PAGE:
It’s a fact. If you have manual data entry, there will be errors. I found this out the hard way when working with our completions team on a Spotfire KPI project. We built the Spotfire KPIs and were attempting to tie out to spreadsheets. The numbers didn’t match. Discrepancies consistently traced back to bad data entry. We would fix the bad data, but without proper controls to keep it out, we were chasing our tails. So, we addressed bad data with a QAQC or error report. The first version was all Spotfire, but it had flaws. Version 2 performed error reporting with Alteryx. Ultimately, I wound up with a combination of Alteryx and Spotfire. To see what it looks like and how it was implemented, read on.
As regular readers know, I attended the Gartner Analytics Conference in Orlando a few weeks ago. Since then, I’ve been synthesizing my key takeaways in blog posts. My first key takeaway centered around Organizing the Chaos. Last week, I followed that up with a post on Governing Self Service BI. This week, I am writing up the last key take away — drive analytics innovation with efficiency.
A few weeks ago, I wrote the first of three posts on my key takeaways from the Gartner Analytics conference. The first message focused on Organizing the Chaos. It’s taken me a bit longer than anticipated to write post no 2 on governing self-service BI. However, hopefully it was worth the wait because I will tie back to a post I wrote on Spotfire Skills – Historically Speaking. In this week’s post, I will explain more about the skills users will need to have in the immediate future. Read on to find out what you can do to put a guard rail around self-service analytics.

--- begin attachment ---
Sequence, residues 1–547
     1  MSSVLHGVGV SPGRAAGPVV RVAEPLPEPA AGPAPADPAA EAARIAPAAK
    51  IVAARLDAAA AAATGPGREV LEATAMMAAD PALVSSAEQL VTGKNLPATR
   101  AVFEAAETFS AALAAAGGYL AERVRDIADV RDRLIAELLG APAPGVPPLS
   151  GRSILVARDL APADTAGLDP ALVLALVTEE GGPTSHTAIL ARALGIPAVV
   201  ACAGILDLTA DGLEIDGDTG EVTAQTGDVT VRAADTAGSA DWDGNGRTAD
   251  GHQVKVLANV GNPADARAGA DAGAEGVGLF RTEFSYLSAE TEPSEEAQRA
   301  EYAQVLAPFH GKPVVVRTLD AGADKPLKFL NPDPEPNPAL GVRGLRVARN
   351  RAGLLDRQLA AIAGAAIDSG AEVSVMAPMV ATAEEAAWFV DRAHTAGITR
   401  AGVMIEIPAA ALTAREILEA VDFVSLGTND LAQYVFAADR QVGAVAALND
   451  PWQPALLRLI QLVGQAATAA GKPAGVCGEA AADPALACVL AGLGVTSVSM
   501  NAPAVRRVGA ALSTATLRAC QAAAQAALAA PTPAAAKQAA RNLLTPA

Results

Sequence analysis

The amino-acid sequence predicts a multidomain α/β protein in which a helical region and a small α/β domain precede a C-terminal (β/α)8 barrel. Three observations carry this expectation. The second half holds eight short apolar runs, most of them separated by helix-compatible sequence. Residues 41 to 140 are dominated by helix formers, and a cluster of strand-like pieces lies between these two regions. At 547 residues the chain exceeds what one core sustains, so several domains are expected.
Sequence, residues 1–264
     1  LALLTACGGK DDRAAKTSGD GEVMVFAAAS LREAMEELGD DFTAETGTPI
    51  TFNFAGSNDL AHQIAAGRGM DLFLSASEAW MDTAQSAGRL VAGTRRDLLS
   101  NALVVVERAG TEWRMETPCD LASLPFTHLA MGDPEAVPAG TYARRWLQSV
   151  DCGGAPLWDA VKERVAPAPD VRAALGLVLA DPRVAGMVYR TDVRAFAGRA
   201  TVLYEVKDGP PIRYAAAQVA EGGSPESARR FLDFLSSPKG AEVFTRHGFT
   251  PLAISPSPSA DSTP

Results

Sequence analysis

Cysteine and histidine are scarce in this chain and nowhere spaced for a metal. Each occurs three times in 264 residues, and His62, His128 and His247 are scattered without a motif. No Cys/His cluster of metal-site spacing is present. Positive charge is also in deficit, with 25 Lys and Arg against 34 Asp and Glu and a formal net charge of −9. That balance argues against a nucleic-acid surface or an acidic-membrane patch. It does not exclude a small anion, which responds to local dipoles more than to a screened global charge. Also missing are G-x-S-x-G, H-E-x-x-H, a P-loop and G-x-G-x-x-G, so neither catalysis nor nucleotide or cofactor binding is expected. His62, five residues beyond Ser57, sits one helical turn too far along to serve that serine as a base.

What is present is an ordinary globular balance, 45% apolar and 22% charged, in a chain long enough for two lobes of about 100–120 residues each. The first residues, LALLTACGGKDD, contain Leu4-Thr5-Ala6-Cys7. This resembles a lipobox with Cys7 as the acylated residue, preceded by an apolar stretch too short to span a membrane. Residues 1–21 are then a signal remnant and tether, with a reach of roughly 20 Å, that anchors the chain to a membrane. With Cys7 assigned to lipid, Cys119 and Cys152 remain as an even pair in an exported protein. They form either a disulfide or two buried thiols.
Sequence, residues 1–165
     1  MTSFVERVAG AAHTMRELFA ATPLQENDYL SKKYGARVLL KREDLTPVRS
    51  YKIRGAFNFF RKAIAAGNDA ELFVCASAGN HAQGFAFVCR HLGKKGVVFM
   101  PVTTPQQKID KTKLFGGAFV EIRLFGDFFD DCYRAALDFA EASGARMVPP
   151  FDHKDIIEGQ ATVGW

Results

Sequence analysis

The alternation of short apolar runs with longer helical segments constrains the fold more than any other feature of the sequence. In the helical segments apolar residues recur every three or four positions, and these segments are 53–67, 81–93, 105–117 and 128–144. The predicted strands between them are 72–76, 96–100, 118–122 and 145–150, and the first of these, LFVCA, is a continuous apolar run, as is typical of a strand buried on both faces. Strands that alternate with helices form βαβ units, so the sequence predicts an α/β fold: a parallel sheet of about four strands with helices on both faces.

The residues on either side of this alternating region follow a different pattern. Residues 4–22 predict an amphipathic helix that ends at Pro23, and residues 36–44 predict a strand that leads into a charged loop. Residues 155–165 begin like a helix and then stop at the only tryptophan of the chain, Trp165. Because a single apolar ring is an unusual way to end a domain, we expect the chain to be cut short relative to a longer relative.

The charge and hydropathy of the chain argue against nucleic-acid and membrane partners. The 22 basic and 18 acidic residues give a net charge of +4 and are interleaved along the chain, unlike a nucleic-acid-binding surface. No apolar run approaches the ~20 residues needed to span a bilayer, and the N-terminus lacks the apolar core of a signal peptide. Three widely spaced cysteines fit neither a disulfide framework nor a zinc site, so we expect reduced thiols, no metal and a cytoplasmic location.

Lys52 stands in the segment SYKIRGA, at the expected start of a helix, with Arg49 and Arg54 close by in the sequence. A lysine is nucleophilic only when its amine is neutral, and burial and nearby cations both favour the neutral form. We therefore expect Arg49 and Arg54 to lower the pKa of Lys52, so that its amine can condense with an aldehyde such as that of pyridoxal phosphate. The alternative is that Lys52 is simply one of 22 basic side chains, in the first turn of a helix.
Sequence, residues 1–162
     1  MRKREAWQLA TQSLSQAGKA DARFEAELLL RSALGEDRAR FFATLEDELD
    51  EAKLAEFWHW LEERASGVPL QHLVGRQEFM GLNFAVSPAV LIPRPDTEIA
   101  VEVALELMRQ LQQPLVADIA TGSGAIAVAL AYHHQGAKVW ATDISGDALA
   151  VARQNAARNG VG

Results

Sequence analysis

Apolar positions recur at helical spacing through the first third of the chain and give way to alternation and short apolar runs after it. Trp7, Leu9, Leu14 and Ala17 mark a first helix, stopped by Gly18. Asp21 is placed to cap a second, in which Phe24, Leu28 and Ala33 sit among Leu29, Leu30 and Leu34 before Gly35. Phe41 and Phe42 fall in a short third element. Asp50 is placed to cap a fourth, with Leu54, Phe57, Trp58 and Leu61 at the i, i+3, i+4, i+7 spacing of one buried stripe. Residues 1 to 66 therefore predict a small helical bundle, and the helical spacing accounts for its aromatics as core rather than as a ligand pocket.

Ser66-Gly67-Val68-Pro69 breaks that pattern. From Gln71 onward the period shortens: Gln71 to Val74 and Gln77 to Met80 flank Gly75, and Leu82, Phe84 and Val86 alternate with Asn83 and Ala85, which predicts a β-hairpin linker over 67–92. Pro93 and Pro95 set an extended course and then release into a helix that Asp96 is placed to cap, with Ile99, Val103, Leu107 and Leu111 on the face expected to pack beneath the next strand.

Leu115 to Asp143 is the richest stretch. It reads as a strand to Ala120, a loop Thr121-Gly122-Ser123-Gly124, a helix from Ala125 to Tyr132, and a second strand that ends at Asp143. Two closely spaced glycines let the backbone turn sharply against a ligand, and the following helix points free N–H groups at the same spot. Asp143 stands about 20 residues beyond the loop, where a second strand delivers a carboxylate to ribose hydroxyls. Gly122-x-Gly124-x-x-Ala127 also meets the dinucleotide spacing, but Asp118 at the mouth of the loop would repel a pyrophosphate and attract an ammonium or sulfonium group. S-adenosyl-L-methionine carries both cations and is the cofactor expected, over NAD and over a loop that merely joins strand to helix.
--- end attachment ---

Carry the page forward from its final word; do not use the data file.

One of the most common problems I run into in while building Spotfire projects is requests that are too large. They begin simply with a request for data or a modification to an existing project. However, it quickly balloons into more and more until we’ve created a monstrously huge project. One of these monsters jumped on my desk last August, and I’ve been working on it since then with a few stops and starts. Last night, I wrapped up a week of work in Midland. I was about to shut down my machine when I realized I wanted to write up what I’ve learned about how to increase the speed of delivery in these monster project situations.
I always enjoy writing Python code. It’s fun, expressive, and my go to language when starting a new project. Python has exploded the past few years becoming the language of choice in many areas. No area has been affected more than data science and analytics.
Last week, I attended the Gartner Analytics conference in Orlando. It was my first time attending a Gartner event. Granted, I have previously read their research. The scale of the event impressive. The speakers were top-notch, and the content was relevant to the challenges I deal with every day. To summarize the most important things learned, I developed 3 key messages from Gartner. They contextualize the 7 presentations I attended into important themes important for analytics at any company. Read on if…
- Your company is struggling with delivering data to users in a timely fashion.
- You would like to use analytics to be more innovative.
Youranalytics environment seems confusing and chaotic.
A Spotfire user reached out to me on LinkedIn last week asking about developing Spotfire skills. He wanted to know what skills to focus on and how to develop them. I have LOTS of ideas and thoughts on this. Therefore, this week’s post looks at building Spotfire skills based on roles in the oil and gas industry.